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definition of credit

Can't find this explicitly, but from my own observation can you confirm:

1. one credit = 1 minute of usage
2. credits go down in chunks of 10... does this mean if I spin up a session for 3 credits worth and then shut down, that costs me 10 credits? or does Fra.me deduct per credit, and is only updating my remaining balance in chunks of 10?

Comments

  • The credit structure is explained on these pages which go over pricing for our Frame Personal and Frame for Business offerings (scroll down to the 2nd panel):

    https://fra.me/pricing-personal
    https://fra.me/pricing-business

    Credits are used up at different rates depending on what system you are running. So for example, for our Air system (no GPU), credits are used at a rate of 10 credits per hour (and credits are indeed consumed on full-hour increments). The Pro system (1 GPU) uses up credits at a higher rate of 60 credits per hour.

    So essentially, the credit system is a key part of enabling you to be able to switch system types depending on what kind of app you want to run at a given time. Don't need a GPU for running an Office app? -- switch to Air, need a GPU to do some 3D design? - switch to Pro, etc.
  • edited August 2016
    Ok, Carsten, so far so good. But now here is a problem I am having with this:

    So, I signed up today for a personal account. After trying around a bit I found out that the user apparently gets billed for credits every time he switches systems.

    So I got billed for switching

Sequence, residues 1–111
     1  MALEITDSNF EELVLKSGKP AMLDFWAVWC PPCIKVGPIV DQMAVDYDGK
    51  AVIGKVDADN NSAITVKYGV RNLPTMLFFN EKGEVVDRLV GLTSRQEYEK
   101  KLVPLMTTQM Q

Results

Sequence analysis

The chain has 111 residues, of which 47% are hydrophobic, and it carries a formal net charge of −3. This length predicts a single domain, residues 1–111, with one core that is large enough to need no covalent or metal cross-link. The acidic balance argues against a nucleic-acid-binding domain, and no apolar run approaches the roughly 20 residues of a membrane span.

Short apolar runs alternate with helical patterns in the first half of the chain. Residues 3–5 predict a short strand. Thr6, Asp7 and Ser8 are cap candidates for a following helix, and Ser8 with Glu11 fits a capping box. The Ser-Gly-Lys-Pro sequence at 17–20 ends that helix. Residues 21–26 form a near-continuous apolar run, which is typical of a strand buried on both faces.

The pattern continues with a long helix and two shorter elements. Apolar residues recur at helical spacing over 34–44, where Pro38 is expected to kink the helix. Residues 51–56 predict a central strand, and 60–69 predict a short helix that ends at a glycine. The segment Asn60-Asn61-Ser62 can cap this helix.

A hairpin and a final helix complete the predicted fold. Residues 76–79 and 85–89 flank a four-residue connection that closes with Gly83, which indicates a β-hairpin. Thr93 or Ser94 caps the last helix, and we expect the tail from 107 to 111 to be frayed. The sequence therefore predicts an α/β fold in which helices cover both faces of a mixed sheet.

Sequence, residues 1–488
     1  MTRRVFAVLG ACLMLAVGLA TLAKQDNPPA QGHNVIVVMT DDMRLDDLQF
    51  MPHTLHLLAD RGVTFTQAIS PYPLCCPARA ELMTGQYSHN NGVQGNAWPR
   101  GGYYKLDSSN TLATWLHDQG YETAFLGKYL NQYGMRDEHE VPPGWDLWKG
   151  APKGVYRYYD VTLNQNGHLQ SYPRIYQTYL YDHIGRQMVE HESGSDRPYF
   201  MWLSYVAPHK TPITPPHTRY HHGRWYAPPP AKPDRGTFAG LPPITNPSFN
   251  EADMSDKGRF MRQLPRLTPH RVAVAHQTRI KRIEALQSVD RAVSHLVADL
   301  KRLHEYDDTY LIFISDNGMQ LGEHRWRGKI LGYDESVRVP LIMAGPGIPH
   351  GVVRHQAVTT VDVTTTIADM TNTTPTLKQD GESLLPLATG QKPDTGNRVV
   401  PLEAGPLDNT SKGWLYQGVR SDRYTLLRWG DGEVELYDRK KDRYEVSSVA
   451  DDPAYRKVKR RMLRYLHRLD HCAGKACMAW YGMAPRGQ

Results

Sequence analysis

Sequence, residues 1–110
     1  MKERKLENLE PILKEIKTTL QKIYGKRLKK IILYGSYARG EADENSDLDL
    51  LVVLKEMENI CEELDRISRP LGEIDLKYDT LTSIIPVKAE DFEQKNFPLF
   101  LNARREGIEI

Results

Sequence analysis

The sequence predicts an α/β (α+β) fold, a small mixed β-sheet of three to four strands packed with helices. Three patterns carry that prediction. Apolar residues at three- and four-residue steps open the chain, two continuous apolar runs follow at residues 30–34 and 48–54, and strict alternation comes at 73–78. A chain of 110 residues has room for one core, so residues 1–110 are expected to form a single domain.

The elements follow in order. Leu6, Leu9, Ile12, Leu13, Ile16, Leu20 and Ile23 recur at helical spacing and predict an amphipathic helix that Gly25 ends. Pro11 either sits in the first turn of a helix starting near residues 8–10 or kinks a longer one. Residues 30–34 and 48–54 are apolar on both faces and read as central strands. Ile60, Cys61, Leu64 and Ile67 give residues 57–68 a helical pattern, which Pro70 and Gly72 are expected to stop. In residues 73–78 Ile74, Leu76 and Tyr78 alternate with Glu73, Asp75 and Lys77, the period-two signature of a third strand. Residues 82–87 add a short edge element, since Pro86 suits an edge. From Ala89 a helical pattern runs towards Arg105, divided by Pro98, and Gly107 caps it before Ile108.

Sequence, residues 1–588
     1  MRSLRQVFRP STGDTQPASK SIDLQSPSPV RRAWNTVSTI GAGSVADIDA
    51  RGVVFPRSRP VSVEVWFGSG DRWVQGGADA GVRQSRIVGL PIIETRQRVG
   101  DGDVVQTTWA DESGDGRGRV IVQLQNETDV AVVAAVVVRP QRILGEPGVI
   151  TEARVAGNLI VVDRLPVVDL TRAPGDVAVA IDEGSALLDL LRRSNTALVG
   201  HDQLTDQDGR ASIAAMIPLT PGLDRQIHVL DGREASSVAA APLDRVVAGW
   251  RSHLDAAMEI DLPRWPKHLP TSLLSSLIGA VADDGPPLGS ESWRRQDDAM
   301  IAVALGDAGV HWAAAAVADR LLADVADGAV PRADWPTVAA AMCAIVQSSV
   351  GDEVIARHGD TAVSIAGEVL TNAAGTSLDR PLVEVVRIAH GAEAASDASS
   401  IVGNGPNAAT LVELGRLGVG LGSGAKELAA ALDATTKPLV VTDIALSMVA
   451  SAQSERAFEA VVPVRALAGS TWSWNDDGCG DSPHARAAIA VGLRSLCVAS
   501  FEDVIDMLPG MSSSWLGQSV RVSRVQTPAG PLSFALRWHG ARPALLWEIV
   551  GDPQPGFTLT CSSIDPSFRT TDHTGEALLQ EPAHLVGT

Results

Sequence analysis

Air ---> Pro ---> Air ---> Pro

    every time at the very beginning when the system booted. What is annoying about this is that I did not see that this way of charging credits is being communicated anywhere clearly, so I ended up not knowing and having to pay the full 60 credits for the first time I used the pro system even though I had only used it 15 minutes. It would be nice if fra.me could tell users about this in greater detail so they do not waste too many credits just by not knowing how the system works.

    Secondly, I wonder how the time of use is measured. When the system is "up and running" the little dot is green. Now, am I being charged continuously as long as the dot is green, even though I may not have any application open? Or only if I use an application or the windows desktop? What if I leave the green do running (not shutting down the system) and leave the website? Will the system just keep running and use up all my credits even though I am not doing anything? And, if I actually do have to shut it down before leaving (i.e. turning the dot red), will I be charged for another full hour next time I come back and have to boot the system again? That would be super unfair because it is only very seldom that any user has to use the system for the exact duration on hour...
  • Robert,
    There is no incremental credit consumption for sessions lasting less than an hour. The credits are deducted (for the entire first hour) on system start-up, and again for each subsequent hour that the instance is running. Because of this, repeatedly Powering Off and Powering On an instance can result in multiple "hours" of usage occurring in a comparatively small period of time.

    Shortly before each hour is billed, our system will detect if no active sessions are currently running, and shut the instance down to prevent additional charges (the exception is for Frame for Business accounts that have a server Buffer or Minimum specified). Because of this, we typically recommend that you do not manually Power Off your instances when you are done using them. Leaving them running (without an active session), will result in no additional credit deductions.

    Currently, full-hour billing is a limitation of our primary infrastructure provider, meaning we are also billed for a full hour the moment you Power On an instance. I agree that this is not optimal for use-cases requiring brief, sporadic access to the system, and we are definitely investigating options to improve the granularity of usage billing. For now, however, this is a standing limitation.
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